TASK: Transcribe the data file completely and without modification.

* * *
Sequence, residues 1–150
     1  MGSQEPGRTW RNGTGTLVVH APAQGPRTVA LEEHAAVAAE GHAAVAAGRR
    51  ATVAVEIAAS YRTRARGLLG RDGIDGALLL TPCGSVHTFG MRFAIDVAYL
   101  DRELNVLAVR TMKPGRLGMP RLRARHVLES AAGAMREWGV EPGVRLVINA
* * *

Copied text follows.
Sequence, residues 1–150
     1  MGSQEPGRTW RNGTGTLVVH APAQGPRTVA LEEHAAVAAE GHAAVAAGRR
    51  ATVAVEIAAS YRTRARGLLG RDGIDGALLL TPCGSVHTFG MRFAIDVAYL
   101  DRELNVLAVR TMKPGRLGMP RLRARHVLES AAGAMREWGV EPGVRLVINA